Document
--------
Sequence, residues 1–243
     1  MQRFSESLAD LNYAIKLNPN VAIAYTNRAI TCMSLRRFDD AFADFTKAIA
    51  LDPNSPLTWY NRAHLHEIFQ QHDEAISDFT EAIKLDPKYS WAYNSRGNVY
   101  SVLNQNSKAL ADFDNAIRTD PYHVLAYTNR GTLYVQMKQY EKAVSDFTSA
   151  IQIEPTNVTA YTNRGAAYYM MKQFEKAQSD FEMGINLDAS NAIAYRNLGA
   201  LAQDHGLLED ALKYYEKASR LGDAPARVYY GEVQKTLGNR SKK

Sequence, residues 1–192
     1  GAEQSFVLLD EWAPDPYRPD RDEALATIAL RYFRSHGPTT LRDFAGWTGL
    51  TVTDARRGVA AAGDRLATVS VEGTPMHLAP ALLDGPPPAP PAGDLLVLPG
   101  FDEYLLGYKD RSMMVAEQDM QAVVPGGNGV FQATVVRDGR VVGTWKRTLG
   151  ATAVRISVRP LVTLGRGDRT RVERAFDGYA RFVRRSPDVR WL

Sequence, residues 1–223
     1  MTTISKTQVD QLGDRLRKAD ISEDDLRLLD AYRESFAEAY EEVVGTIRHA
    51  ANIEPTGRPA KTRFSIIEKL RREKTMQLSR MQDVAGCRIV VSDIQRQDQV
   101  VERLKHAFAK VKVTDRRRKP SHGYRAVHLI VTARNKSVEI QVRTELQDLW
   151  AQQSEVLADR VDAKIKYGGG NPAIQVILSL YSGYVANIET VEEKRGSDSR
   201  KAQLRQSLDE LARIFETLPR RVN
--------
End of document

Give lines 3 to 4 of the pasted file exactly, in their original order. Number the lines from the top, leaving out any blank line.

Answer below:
    51  LDPNSPLTWY NRAHLHEIFQ QHDEAISDFT EAIKLDPKYS WAYNSRGNVY
   101  SVLNQNSKAL ADFDNAIRTD PYHVLAYTNR GTLYVQMKQY EKAVSDFTSA